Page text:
DOS SANTOS: -- please, sorry to interrupt you there, but we do have the US Secretary of State John Kerry delivering a speech right now in Ramallah. Let's listen in to what he has to say and we'll come back to Peter later.
JOHN KERRY, US SECRETARY OF STATE: -- in the press are conjecture, not based on fact, because the people who know the facts are not talking about them.
The parties have agreed that I will be the only one making further comments about this. If everything goes as expected, Saeb Erekat and Tzipi Livni, Minister Livni, and Itzhak Moho will be joining me in Washington to begin initial talks within the next week or so, and a further announcement will be made by all of us at that time.
I want to thank particularly His Majesty King Abdullah and the Hashemite Kingdom of Jordan and the foreign minister, Nasser Judeh, who has been really enormously helpful throughout this process. I want to thank all of them for their extraordinary hospitality to our team that has been camped here for several days, and they have helped with all of the logistics and been superb hosts and collaborators in this effort.
I also want to thank the Arab League and the committee -- the joint committee -- the committee with respect to the peace initiative follow-on, who traveled here during the week, made an important difference with their statement of support.
And then, there are many, many others who have contributed many other leaders around the world, all of whom have visited here and pushed and advocated and encouraged the --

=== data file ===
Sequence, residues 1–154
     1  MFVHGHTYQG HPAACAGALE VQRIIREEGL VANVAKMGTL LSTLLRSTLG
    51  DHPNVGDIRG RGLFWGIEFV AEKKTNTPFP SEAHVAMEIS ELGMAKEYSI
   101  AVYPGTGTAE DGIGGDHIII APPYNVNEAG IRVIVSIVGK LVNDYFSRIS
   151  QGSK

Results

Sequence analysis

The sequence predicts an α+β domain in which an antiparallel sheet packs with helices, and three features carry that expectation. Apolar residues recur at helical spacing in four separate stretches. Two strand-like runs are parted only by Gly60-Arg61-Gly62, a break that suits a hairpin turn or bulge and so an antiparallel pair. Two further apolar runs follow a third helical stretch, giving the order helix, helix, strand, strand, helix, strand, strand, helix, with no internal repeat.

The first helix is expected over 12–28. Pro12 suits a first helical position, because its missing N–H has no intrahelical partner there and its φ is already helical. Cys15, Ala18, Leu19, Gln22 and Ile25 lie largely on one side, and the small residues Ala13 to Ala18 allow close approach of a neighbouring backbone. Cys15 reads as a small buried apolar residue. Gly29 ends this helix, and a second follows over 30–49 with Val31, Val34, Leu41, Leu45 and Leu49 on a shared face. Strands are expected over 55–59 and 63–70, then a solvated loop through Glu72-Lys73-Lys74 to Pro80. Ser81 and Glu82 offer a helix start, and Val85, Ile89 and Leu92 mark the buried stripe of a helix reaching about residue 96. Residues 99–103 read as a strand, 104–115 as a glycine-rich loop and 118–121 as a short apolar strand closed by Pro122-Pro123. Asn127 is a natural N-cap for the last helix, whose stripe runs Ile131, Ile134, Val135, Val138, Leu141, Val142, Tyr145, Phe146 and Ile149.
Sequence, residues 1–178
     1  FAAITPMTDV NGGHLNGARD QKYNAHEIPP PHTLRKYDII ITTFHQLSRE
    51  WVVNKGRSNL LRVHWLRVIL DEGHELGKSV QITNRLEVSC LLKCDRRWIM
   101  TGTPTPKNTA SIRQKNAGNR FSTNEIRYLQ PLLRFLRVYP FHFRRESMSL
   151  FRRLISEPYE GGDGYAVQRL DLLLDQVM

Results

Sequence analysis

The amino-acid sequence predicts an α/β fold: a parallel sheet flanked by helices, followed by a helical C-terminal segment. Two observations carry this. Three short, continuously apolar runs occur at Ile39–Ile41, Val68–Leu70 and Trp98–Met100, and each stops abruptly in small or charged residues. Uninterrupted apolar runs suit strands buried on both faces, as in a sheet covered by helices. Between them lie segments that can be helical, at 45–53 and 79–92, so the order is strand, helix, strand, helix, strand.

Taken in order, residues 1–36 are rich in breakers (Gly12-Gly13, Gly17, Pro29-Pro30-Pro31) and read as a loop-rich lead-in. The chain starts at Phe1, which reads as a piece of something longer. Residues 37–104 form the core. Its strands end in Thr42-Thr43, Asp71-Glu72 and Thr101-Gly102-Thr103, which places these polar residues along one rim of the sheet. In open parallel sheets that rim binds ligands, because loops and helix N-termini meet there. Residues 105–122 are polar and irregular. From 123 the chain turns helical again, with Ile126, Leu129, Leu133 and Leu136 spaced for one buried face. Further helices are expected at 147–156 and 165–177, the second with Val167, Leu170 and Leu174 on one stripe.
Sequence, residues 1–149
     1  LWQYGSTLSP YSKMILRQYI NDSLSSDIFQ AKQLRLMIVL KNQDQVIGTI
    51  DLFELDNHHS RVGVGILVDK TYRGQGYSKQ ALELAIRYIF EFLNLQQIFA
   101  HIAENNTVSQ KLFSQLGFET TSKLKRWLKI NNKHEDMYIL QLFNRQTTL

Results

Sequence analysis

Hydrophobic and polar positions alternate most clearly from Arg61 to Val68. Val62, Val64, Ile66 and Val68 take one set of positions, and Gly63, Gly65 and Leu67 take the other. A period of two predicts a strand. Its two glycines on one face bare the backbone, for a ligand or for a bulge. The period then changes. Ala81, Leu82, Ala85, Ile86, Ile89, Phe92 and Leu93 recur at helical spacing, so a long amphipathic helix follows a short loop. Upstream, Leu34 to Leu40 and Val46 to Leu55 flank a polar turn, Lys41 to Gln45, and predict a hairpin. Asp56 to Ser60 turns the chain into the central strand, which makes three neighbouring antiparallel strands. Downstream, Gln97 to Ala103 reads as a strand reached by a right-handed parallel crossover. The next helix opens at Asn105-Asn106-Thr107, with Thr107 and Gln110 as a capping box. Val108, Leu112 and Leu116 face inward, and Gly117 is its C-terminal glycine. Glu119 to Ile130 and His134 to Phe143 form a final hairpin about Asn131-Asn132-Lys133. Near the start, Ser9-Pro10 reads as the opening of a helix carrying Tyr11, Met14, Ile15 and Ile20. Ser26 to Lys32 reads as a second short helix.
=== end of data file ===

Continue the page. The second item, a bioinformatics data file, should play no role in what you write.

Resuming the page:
DOS SANTOS: As you can see, there, that is John Kerry. We've lost the signal there, but the US secretary of state, there, just coming out of his meetings in Ramallah after having met with the Palestinian president, Mahmoud Abbas, who has been talking with him about trying to revive the peace talks of Israel. Let's go back because we have reestablished contact.
KERRY: -- this difficult, complicated issues such as Middle East peace. The best way to give these negotiations a chance is to keep them private. Everyone --
KERRY: -- this is not easy. If it were, it would have happened a long time ago. And no one believes that the long-standing --
KERRY: We know that the challenges require some very tough choices in a --
KERRY: Today, however, I --
KERRY: -- President Abbas, and Prime Minister Netanyahu, both of them have chosen to make difficult choices here and both of them were instrumental in pushing in this direction. We wouldn't be standing here tonight if they hadn't made the choices.